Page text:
Film, Hindi, Review

Ardhangini: Ek Ardhsayta

The debutant director Reema Mukherjee claims that Ardhangini – Ek Ardhasatya is inspired from Tagore’s novel Ghare Baire, adapted by Satyajit Ray in 1984. This novel was originally published in Bengali in 1915, two years after the author was awarded the Nobel Prize for Literature and the same year in which he received a knighthood from King George V of England – an accolade he renounced in 1919 in protest against the Jallianwallah Bagh massacre in Punjab.

The story coincides with the National Independence Movement in the country at the time sparked by the Indian National Congress. There were various national and regional campaigns of both militant and non-violent ideas which all had the common goal of ending British colonial rule. Militant nationalism had a strong showing in the early part of the 20th century, especially during World War I.

The controversial nature of the subject matter, in which Tagore takes the opportunity to launch his fiercest attack yet against the ideology of nationalism, contrary to its rising popularity both in India and the West, was one reason for its drawing attention, mostly in the form of re-probation and scorn, from readers both in and outside Bengal.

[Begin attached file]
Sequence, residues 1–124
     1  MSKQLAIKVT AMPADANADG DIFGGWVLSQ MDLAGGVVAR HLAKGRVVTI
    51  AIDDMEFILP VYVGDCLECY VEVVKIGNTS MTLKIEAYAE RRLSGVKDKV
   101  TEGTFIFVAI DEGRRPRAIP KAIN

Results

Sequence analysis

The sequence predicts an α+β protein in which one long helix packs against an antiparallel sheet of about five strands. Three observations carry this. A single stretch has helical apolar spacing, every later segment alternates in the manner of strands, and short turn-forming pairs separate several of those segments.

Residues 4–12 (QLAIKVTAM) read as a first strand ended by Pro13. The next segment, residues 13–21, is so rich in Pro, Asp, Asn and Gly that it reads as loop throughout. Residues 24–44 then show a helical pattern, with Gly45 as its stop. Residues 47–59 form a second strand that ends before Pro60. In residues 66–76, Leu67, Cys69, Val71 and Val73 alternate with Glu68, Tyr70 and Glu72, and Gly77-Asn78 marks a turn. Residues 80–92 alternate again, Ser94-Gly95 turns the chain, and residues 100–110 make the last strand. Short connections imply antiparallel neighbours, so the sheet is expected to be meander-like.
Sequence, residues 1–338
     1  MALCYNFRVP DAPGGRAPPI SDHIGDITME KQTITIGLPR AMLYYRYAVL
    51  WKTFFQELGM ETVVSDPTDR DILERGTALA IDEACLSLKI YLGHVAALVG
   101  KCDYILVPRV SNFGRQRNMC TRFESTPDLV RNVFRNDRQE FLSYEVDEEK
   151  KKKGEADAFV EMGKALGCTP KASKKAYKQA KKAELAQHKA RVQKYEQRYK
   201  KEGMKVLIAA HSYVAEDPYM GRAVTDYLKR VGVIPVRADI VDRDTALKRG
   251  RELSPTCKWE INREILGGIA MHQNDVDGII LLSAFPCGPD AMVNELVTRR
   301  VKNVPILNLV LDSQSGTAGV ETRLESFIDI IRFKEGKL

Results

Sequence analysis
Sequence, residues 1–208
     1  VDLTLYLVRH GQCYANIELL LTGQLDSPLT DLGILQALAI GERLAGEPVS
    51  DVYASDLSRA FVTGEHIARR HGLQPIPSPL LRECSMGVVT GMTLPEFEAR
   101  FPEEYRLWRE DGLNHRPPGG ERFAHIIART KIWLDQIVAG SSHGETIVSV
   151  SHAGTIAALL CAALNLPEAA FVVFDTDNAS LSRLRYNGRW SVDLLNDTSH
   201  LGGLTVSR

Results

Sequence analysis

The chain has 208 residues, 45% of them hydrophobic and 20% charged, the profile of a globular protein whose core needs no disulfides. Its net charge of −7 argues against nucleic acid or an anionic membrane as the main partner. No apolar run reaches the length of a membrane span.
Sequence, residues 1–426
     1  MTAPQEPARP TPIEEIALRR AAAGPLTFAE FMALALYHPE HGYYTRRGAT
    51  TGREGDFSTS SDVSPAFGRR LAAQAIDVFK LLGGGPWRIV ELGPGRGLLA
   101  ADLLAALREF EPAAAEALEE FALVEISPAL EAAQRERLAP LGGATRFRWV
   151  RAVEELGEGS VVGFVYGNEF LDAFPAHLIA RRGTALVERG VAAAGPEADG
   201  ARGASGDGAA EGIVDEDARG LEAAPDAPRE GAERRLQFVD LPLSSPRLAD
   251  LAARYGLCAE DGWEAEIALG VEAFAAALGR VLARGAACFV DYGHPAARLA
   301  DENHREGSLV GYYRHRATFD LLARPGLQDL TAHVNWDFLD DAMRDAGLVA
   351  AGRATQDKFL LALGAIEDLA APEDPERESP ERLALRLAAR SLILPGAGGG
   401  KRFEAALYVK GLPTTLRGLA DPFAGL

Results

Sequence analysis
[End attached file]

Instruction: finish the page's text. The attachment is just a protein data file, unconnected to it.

Mukherjee’s screenplay and direction tries to adhere to the political context of nationalism looked at from two diametrically opposed points by Nikhilesh Choudhury (Subodh Bhave) who is the raja (zamindar) of Sukhsayor and Sandip (Subrat Dutt), his childhood friend who arrives as a house guest at Nikhilesh’s palatial mansion and uses this as a base to spread his message of nationalism in the village. Nikhilesh, an open-minded, generous zamindar whose village is united because of his deep conviction in a welfare state, and who believes in the freedom of the individual, introduces Sandip to his beautiful wife Bimala (Sreelekha Mitra). Bimala, who has never set eyes on another man, feels a deep pull towards the charismatic Sandip who initiates her into his movement to motivate the villagers to burn all British-made goods and stick to Swadeshi products which Nikhilesh vehemently opposes because he believes that the poor cannot afford home-made goods as they are much more expensive than the British goods.